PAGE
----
BMW unveils the C evolution electric scooter


July 29, 2012

A low center of gravity and the instant high-torque nature of the electric motor promises strong performance

A low center of gravity and the instant high-torque nature of the electric motor promises strong performance

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BMW Motorrad has been busying itself perfecting an electric scooter design for some time now and, following the early prototype E Scooter we first reported on last year, and the more fully formed Concept e model which popped up a few months later, the company has now unveiled a new “near-production” electric scooter named the BMW C evolution which boasts a reported 100 kilometers (62 miles) range from one full charge and some impressive styling to match.

Perhaps more useful than the three hour charge time of the C evolution is the fact that the scooter can reach 70 percent charge after approximately thirty minutes spent plugged in. In addition to this, the C evolution’s charge socket is same type currently implemented in many car charging stations throughout the USA and so the scooter can recharge at those locations - a feature which BMW claims is not currently offered by any other electric scooter.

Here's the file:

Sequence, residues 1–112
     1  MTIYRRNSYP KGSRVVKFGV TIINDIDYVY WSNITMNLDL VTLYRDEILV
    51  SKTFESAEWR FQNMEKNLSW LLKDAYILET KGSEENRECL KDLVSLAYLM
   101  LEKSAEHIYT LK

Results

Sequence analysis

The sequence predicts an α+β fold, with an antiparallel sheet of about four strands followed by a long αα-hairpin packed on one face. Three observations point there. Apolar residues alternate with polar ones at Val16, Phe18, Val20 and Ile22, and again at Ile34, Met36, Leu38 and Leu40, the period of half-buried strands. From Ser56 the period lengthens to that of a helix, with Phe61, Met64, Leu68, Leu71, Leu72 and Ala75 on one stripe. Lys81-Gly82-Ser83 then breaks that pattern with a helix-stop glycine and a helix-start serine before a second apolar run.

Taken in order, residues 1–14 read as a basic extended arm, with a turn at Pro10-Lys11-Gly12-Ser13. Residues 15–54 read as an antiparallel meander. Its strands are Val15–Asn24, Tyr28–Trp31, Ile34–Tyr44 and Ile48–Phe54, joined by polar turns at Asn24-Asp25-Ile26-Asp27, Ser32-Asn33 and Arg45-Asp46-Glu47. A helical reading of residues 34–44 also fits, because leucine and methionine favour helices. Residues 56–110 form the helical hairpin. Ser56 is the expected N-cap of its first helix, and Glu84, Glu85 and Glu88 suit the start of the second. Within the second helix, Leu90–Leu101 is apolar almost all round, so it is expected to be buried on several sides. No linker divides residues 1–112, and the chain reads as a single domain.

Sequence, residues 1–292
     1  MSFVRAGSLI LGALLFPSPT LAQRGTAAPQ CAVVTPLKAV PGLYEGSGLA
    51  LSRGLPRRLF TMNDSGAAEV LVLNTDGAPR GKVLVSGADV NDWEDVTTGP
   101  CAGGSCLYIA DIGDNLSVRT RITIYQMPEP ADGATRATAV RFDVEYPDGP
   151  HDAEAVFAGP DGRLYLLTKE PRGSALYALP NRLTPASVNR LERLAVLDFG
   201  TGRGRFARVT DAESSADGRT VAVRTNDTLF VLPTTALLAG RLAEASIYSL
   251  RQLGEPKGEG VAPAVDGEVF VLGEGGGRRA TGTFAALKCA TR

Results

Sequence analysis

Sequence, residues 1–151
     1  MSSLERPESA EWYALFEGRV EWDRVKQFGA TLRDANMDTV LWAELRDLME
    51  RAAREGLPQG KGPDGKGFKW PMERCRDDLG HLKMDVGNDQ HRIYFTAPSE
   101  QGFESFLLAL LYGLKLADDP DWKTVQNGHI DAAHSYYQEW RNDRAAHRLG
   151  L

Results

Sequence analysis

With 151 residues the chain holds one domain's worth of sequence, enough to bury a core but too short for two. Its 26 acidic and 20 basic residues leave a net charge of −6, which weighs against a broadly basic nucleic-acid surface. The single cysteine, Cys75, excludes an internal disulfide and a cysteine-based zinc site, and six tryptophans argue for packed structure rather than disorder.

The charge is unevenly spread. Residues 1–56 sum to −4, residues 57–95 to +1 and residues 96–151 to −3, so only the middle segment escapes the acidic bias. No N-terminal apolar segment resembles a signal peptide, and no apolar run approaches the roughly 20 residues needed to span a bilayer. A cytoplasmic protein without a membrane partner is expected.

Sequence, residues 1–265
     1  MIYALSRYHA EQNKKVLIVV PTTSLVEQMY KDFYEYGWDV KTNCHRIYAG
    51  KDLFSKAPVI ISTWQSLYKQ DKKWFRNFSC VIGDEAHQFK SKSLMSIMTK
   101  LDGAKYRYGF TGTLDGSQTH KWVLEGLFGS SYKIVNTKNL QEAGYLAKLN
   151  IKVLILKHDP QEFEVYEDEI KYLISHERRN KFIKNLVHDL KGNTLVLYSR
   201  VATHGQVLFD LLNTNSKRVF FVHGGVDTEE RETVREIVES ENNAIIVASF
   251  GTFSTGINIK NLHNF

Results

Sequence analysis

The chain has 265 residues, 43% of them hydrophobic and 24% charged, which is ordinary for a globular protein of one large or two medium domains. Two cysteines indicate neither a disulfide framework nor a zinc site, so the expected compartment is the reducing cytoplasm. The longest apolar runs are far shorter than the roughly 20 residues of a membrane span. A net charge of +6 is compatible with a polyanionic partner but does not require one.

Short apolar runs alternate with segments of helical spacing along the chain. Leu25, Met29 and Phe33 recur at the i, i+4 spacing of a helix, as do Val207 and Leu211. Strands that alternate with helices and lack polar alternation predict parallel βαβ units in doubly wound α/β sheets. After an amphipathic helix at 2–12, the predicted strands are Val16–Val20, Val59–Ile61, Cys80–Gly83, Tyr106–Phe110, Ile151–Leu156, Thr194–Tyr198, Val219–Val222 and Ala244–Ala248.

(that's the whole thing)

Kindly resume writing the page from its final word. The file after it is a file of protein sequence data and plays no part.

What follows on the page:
Naturally, BMW is keen to market the C evolution as a primarily urban-based transport solution and this is likely where the scooter would be most at home. However, the company also points out that its electronically-limited 120 km/h (75 mph) top speed makes it suitable for motorway driving and overtaking, even with the additional weight of a passenger riding pillion.

Indeed, BMW claims that the C evolution has outstanding performance for an e-scooter, with a low center of gravity and the instant high-torque nature of the electric motor both combining to make the vehicle more than a match for the current crop of maxi scooters sporting a capacity in excess of 600 cc.